What follows owes a debt of gratitude to Alexandra Arènes and her collaborators and co-authors. Their book, “Terra Forma – Manuel de Cartographies Potentielles“, is an astonishingly lucid work. They call their new maps of the Earth Gaïa-graphy, a word I will also use. Gaïa is not used in the mystic sense, but as a descriptor of the living and dynamic interrelationships between elements of the Critical Zone. Below is a simplified representation of these forces as they relate to the carbon cycle.
Gaiagraphy displays critical relationships
My globus, in the top photo, has lines and arrows indicating the direction of the major ocean currents of the world. These were important for sea trade when ships were carried by wind, waves and currents. In the illustration below, we see interacting “currents” between elements in the Carbon Cycle. Remember that the world has now been turned inside-out. The atmosphere is in the center, and the mass and volume of our globe is on the outside. What we want to represent and understand is the Gaiagraphy of our biosphere, and not conventional geography.
Nine major factors of the carbon cycle have been illustrated above. These interact through a combination of very long or relatively sudden processes. Some of those are at time-scales we rarely get to observe, such as (8) subduction and (9) volcanism and plutonism. Put simply, this is how parts of the planet’s crust can be pushed down into its mantle, to reemerge as a volcanic eruption or as a body of land pressed out into the biosphere by interior forces. The planet’s youngest mountain region, the Himalayas, was formed in this way, between 40 and 50 million years ago.
Understanding Gaiagraphy puts us on a path to sustainability
The diagram distinguishes between forces moving from the interior (the atmosphere) to the exterior (the mantle)—and forces or processes moving from the exterior to the interior. When we follow “the current” named C organic or inorganic export (5), we see that this is a very long process, which transforms into others. It moves from the top soil to the mantle and back. It created and compacted fossil fuel resources, and transported them into reservoirs deep underfoot. This took place over millions of years. As your eyes follow this “current”, other factors are revealed. Photosynthesis (1), draws carbon out of the air and creates plant matter; plants also carry out Respiration (2), which adds oxygen to the atmosphere (plants ranging from phytoplankton to tall sequoias). Through Humification (3), microorganisms decompose soil organic matter into inorganic components, ready to be absorbed by plants.
Until the industrial age, humans were unable to significantly tilt the balance of this cycle. Variation between conditions, such as ice-age maxima and minima, took place over thousands and millions of years. By extracting and burning coal, oil and natural gas, from deep deposits, we pushed an excess of carbon into the atmosphere, shown as Human emissions (7). Note how Human emissions cut through several layers, their suddenness illustrated by a sharp angle of attack, from the continental crust straight out to the atmosphere. While the Himalayas were pushed into place over several million years, humans have sent a mountain of carbon into the atmosphere in just 200 years.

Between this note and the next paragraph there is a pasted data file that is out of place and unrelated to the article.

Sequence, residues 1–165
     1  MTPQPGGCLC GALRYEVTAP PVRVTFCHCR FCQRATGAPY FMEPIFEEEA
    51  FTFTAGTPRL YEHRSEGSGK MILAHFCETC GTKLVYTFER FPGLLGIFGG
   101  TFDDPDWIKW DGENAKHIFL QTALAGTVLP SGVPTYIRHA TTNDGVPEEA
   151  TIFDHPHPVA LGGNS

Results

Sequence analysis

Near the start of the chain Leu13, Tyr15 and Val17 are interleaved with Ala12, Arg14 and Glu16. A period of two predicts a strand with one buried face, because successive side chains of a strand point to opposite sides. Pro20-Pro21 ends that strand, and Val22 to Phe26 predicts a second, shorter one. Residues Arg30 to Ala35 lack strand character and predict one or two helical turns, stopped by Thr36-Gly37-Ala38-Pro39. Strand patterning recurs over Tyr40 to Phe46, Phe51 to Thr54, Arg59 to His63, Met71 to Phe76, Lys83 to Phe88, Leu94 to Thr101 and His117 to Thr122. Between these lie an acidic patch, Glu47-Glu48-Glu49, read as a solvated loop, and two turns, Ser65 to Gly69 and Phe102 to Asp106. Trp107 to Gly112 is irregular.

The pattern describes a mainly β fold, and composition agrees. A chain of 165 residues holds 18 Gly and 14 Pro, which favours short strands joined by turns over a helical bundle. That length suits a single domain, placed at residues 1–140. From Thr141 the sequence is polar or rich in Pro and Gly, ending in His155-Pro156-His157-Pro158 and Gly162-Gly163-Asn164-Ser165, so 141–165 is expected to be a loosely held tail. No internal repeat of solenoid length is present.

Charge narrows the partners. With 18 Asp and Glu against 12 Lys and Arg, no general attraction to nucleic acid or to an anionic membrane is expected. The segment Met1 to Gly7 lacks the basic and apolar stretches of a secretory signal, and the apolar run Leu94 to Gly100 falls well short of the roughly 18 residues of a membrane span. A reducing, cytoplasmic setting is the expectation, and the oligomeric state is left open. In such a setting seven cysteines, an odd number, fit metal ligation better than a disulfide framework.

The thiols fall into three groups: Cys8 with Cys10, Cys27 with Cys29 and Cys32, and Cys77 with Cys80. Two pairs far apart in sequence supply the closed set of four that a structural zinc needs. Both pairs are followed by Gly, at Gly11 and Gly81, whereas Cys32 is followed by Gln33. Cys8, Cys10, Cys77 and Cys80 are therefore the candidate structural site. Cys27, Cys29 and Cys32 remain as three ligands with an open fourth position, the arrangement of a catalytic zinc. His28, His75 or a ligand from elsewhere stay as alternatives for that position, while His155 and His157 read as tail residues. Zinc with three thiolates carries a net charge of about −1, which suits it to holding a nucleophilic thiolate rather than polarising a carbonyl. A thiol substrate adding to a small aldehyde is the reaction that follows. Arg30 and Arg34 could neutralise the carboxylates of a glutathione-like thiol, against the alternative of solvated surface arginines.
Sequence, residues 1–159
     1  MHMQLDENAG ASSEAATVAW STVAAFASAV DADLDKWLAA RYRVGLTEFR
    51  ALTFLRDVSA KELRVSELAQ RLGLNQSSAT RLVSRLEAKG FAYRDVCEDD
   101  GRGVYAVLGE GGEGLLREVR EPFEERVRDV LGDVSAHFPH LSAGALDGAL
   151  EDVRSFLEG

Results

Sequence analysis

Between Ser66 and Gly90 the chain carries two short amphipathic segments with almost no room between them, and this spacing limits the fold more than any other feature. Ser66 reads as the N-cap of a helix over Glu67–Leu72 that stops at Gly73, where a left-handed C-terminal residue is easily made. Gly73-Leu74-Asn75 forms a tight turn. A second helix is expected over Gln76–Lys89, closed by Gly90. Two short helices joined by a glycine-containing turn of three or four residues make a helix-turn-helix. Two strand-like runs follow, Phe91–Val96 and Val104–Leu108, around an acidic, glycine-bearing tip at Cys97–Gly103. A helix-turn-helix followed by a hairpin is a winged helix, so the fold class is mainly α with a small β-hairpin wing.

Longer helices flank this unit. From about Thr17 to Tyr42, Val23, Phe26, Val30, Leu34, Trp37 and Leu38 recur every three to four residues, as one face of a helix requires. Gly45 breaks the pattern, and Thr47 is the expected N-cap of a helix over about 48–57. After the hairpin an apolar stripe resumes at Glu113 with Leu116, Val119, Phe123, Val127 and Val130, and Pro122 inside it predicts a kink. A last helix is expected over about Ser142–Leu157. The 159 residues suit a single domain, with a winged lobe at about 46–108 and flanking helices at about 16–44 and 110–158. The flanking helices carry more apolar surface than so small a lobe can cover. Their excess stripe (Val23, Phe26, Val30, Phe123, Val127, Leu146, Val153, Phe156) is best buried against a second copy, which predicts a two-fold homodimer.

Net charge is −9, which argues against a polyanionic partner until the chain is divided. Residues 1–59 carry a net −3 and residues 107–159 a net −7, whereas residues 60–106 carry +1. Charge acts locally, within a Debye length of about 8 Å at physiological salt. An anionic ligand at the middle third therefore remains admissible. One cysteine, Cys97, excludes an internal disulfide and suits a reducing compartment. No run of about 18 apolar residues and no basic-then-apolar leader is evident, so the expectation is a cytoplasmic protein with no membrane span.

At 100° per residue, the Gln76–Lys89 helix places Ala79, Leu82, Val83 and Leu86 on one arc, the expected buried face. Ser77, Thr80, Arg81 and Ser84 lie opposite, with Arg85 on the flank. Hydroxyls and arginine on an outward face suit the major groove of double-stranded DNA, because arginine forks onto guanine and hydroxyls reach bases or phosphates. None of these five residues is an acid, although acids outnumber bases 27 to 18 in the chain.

Towards mapping our critical zone
Strictly put, the diagram above is novel only in the inside-out operation. The processes were known to us. We chose to ignore the connections, or pretend that they are without significance, compared to our more urgent economic objectives. Now, a tremendous joint effort is required, a global rallying of all hands on deck. It is necessary if we are to restrain the catastrophic consequences of global warming, resource overshoot and loss of biodiversity. Changing our point-of-view has proven of value before. Accepting that Earth was not the center of the Universe kick-started the scientific revolution. Realizing that we must engage with our biosphere, instead of believing we are independent of it, can significantly impel our efforts to repair Spaceship Earth.
These students are developing a gaiagraphic map for a specific location. As you’ll see in later posts, the Gaiagraphic method provides us with a phenomenal tool for understanding local interplay and potential. It allows us to quicker grasp where we best can promote regeneration. The students are not bothering with the height and width of terrain features, nor plotting their exact location on a two-dimensional map. They are investigating and evaluating local biospheric resources, seeking optimal mitigation or amelioration, in order to drive sustainability. This link takes you to a video showing how the Gaiagraphy of the image to the right of my globus was developed. The students are developing a similar map of the critical zone in the location they have investigated. The data that informs their gaiagraphic is gathered from local surveys and records, as well as from remote sensing satellites. The result can speed up effective efforts to achieve long term sustainability, while reducing the risk of measures being adopted that are disconnected from biospheric realities.
A cruel paradox
We find ourselves in a paradox. Scientists trying to solve how we can live on Mars have come to realize they need to make a dead planet come alive. And the best way to do so, is to have Mars mimic the biospheric vitality of Earth—from the smallest of microbial activity in soil to processes that generate oxygen and draw CO2 from the air. A cruel paradox manifests, because we are doing the opposite on Earth. We are filling our atmosphere with CO2 and overshooting resource boundaries, in ways that threaten conditions for life on our home planet.
The Almanaut’s Journal of Journeys of Discovery to Mars and Earth investigates how we can slow the pace at which we are overshooting Earth’s resources, without causing unacceptable hardship. A first and necessary step is to make sure we are using the best possible maps for our journeys. We need to get rid of our old ones. More about Mapping our Critical Zone in coming posts.